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A bipartisan group of Senators plan to introduce this week the “Never Again Education Act” that, if enacted, would create a grant program at the U.S. Department of Education to enable teachers across the United States the resources and training necessary to teach students about the Holocaust and its lessons.

“This week I will file the Never Again Education Act to help states obtain resources through @usedgov so our students learn about the historical fact that Nazi Germany systematically murdered over 6 million Jews,” tweeted Sen. Marco Rubio (R-Fla.).

Sens. Kevin Cramer (R-N.D.) and Jacky Rosen (D-Nev.) will join Rubio in introducing the measure, two sources familiar with the matter told JNS.

Rosen’s office declined to comment on the record, and Cramer’s office did not immediately respond to a request for comment.

Organizations including Hadassah, the Simon Wiesenthal Center (SWC), the Endowment for Middle East Truth (EMET) and StandWithUs (SWU) support the bill.

“This Bill is urgent. Students—and sometimes teachers and administrators, too—are painfully unaware of the Holocaust,” said Hadasah national president Ellen Hershkin and executive director and CEO Janice Weinman. “We must address this because Holocaust education programs are important at reducing extremism, hate and bigotry against all people.”

SWC associate dean Rabbi Abraham Cooper told JNS that, along with supporting the bill, the focus should be on “why is it so important to learn about the Shoah.”

“We’re in the 21st century now,” he continued. “It’s 75 years later, and I think that the reasons we need to learn is obviously what’s missing through the lexicon of now the former principle, which is that the most important takeaway from learning about the Nazi Holocaust. Missions like good and evil, choosing what you do in life … what happens when you remain a bystander.”

In addition to the Jews, the Nazis “also sought to destroy” values such as “justice, empathy, fairness.”

Therefore, said Cooper, both the statistics and history of the Holocaust, in addition to universal principles, must be taught.

“At this time, where we are witnessing an alarming rise of anti-Semitism, not just in the Middle East and Europe, but, right here in the United States, it is nothing short a moral imperative that the lessons of the Holocaust be taught,” EMET founder and president Sarah Stern told JNS.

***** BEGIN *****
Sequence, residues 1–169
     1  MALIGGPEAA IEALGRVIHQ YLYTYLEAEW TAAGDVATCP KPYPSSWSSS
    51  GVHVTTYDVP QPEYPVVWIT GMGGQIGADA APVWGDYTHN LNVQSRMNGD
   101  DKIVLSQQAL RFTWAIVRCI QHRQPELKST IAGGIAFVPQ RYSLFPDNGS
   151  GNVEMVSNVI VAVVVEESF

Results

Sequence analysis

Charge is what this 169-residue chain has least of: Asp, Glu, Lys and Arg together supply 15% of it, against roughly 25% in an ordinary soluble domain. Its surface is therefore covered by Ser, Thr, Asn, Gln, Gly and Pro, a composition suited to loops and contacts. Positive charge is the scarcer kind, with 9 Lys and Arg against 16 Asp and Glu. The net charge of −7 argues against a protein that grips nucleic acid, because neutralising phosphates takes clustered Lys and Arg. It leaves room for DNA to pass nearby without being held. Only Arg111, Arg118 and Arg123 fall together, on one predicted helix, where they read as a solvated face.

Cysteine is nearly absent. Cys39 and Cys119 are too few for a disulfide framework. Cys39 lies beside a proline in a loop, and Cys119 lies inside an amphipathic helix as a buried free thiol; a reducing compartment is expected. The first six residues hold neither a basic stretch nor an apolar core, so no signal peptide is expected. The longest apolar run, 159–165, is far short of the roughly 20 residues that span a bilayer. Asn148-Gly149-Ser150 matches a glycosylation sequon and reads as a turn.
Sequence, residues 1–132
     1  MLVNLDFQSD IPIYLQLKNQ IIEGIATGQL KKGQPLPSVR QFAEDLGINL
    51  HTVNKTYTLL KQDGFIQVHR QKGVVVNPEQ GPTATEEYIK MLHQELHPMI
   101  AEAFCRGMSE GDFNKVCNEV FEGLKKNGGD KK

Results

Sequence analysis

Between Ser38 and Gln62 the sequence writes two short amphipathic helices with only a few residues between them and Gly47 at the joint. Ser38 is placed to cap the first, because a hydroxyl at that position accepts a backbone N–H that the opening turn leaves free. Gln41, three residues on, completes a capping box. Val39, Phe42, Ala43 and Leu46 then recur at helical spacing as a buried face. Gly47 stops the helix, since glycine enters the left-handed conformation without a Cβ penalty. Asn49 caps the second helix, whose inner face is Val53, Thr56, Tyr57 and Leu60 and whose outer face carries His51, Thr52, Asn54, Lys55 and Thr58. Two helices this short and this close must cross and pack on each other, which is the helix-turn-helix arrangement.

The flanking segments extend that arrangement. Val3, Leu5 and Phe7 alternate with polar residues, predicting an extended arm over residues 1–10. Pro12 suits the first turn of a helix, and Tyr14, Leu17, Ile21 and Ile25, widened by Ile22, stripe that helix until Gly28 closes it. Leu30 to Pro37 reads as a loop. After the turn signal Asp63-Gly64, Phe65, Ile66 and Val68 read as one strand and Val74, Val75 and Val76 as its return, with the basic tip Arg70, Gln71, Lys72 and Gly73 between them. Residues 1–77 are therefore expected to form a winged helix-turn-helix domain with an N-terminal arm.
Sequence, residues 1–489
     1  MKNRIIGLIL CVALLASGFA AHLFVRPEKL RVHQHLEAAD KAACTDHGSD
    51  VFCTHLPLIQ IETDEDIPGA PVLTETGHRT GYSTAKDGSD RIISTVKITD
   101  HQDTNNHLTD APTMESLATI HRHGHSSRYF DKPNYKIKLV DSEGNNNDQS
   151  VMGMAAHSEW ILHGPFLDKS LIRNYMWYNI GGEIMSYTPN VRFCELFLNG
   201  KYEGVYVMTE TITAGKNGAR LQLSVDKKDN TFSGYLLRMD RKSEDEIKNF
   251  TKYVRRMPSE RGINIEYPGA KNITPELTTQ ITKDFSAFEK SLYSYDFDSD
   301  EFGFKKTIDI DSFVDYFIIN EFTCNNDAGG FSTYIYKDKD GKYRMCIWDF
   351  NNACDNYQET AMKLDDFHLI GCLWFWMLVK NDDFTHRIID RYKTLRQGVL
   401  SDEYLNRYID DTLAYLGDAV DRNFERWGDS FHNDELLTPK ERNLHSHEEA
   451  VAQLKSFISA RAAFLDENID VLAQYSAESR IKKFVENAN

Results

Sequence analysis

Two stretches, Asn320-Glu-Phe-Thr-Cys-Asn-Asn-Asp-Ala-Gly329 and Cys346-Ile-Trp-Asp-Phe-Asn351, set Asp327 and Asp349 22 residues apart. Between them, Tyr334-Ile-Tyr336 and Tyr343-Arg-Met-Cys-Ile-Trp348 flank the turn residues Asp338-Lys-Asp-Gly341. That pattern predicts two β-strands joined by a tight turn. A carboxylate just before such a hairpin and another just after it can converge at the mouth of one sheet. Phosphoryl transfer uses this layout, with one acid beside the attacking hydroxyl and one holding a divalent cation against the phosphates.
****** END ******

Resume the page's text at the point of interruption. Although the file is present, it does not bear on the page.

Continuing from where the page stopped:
She added, “It should be a federal law that the lessons of the Holocaust be taught and retaught so that we will not, as the philosopher George Santayana said, ‘Those who cannot remember the past are condemned to repeat it.’ ”

“We support all efforts to improve and increase resources for Holocaust education,” SWU CEO Roz Rothstein told JNS. “At a time when anti-Semitism is rising across the political spectrum, it is more important than ever for students to learn as much as they can about this dark chapter in human history.”

In the U.S. House of Representatives, Reps. Carolyn Maloney (D-N.Y.) and Elise Stefanik (D-N.Y.) introduced in February their version of the measure, which currently has 204 co-sponsors.

“We are at a dangerous moment in time. Anti-Semitism is on the rise around the world and here at home, and the memory of the Holocaust is fading for far too many Americans,” said Maloney. “We can combat this by making sure we teach our students, tomorrow’s leaders, about the horrors of the Holocaust. It is simply not enough to condemn hateful, violent attacks against the Jewish community—we need to be proactive; we need to take action.”

“Over the last few years, a concerning amount of anti-Semitic incidents have occurred in our country,” said Stefanik. “My hope is that this bill will combat the rise of this inexcusable behavior by further educating our nation’s students on the unthinkable and innumerable atrocities of the Holocaust. As a nation, we cannot allow a return to the hateful actions that led to the Holocaust, and I’m proud to do my part to change it.”

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